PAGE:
Like the Local Storage Datastore this configuration uses the local storage area of each Host to run VMs. On top of it, it provides:
- Caching features to reduce image transfers and speed up boot times.
- Automatic recovery mechanisms for qcow2 images and KVM hypervisor.
Additionally you’ll need a storage area for the VM disk image repository. Disk images are transferred from the repository to the Hosts and cache areas using the SSH protocol.
The Front-end needs to prepare the storage area for:
- Image Datastores, to store the image repository.
- System Datastores, will hold temporary disks and files for VMs
Simply make sure that there is enough space under
/var/lib/one/datastores to store Images and the disks of the
undeployed Virtual Machines. Note that
/var/lib/one/datastores can be mounted from any NAS/SAN server in your network.
Just make sure that there is enough space under
/var/lib/one/datastores to store the disks of running VMs on that Host.
Make sure all the Hosts, including the Front-end, can SSH to any other host (including themselves), otherwise migrations will not work.
One additional Host per cluster needs to be designated as
REPLICA_HOST and it will hold the disk images cache under
/var/lib/one/datastores. It is recommended to add extra disk space in this Host.
Once the Nodes and Front-end storage is setup, the OpenNebula configuration comprises the creation of an Image and System Datastores.
Create System Datastore¶
You need to create a System Datastore for each cluster in your cloud, using the following (template) parameters:
||Name of datastore|
||hostname of the designated cache Host|
For example, consider a cloud with two clusters; the datastore configuration could be as follows:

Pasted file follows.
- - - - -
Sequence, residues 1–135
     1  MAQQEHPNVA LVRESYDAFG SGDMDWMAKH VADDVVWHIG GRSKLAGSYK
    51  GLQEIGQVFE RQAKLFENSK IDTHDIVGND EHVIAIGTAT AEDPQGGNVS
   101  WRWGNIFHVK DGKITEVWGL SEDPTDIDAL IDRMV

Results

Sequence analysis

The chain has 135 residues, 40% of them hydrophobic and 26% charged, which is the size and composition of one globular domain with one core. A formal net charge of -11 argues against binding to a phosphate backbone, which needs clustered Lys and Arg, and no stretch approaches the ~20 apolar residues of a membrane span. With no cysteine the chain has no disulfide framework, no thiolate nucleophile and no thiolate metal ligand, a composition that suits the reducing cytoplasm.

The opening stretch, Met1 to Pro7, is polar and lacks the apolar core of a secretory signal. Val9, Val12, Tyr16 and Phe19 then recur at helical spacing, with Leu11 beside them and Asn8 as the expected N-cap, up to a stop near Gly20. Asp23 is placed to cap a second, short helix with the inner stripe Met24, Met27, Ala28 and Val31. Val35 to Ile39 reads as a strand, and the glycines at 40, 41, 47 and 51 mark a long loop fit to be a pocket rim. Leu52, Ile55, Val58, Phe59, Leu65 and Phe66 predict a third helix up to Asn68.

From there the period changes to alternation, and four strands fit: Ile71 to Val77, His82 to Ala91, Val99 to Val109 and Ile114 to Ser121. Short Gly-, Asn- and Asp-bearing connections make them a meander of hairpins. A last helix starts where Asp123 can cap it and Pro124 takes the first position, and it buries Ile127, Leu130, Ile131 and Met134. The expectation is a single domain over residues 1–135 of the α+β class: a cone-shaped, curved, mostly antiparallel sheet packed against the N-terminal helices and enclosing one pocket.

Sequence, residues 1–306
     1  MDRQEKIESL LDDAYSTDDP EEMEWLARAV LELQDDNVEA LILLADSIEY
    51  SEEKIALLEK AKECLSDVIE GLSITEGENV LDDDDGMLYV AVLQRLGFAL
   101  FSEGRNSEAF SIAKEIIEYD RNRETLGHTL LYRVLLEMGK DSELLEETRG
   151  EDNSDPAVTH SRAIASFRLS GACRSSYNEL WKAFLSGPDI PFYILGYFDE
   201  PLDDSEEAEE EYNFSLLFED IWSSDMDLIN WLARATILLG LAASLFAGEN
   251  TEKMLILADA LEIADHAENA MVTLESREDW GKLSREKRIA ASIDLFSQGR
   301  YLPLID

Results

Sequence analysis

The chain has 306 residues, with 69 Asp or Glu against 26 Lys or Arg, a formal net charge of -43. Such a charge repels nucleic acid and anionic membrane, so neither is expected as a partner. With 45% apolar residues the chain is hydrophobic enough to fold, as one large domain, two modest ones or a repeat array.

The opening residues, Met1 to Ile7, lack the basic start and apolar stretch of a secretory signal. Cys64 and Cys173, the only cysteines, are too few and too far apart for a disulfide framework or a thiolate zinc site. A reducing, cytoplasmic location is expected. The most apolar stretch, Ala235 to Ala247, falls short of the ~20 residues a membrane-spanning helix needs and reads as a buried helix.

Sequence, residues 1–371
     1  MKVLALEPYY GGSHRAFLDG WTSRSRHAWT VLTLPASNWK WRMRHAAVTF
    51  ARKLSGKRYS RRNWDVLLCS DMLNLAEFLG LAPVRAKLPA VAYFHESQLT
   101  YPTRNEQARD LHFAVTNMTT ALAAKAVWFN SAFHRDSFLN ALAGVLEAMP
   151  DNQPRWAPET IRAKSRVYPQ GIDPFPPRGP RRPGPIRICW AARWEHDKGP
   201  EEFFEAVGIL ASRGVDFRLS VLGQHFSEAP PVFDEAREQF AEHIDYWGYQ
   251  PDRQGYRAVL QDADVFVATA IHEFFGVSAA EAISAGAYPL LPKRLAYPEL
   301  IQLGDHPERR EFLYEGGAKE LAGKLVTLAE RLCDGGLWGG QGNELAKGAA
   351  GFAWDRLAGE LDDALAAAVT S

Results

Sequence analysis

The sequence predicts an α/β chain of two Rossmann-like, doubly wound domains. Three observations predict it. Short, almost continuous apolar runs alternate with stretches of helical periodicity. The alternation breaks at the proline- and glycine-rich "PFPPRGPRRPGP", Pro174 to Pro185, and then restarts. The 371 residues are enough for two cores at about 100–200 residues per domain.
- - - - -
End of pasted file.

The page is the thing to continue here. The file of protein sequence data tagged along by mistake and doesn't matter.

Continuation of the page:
# onedatastore list -l ID,NAME,TM,CLUSTERS ID NAME TM CLUSTERS 101 system_replica_2 ssh 101 100 system_replica_1 ssh 100 1 default ssh 0,100,101 0 system ssh 0
Note that in this case a single Image Datastore (
1) is shared across clusters
101. Each cluster has its own System Datastore (
101) with replication enabled, while System Datastore
0 does not use replication.
Replication is enabled by the presence of the
REPLICA_HOST key, with the name of one of the Hosts belonging to the cluster. Here’s an example of the replica System Datastore settings:
# onedatastore show 100 ... DISK_TYPE="FILE" REPLICA_HOST="cluster100-host1" TM_MAD="ssh" TYPE="SYSTEM_DS" ...
You need to balance your storage transfer patterns (number of VMs created, disk image sizes…) with the number of Hosts per cluster to make an effective use of the caching mechanism.
Create Image Datastore¶
To create a new Image Datastore, you need to set the following (template) parameters:
||Name of datastore|
For example, the following illustrates the creation of a Local Datastore:
cat ds.conf NAME = local_images DS_MAD = fs TM_MAD = ssh onedatastore create ds.conf ID: 100
Also note that there are additional attributes that can be set. Check the datastore template attributes.
QCOW2_OPTIONS: Custom options for the
qemu-imgclone action. Images are created through the
qemu-imgcommand using the original image as a backing file. Custom options can be sent to
qemu-imgclone action through the variable
DD_BLOCK_SIZE: Block size for dd operations (default: 64kB) could be set in
SUPPORTED_FS: Comma-separated list with every filesystem supported for creating formatted datablocks. Can be set in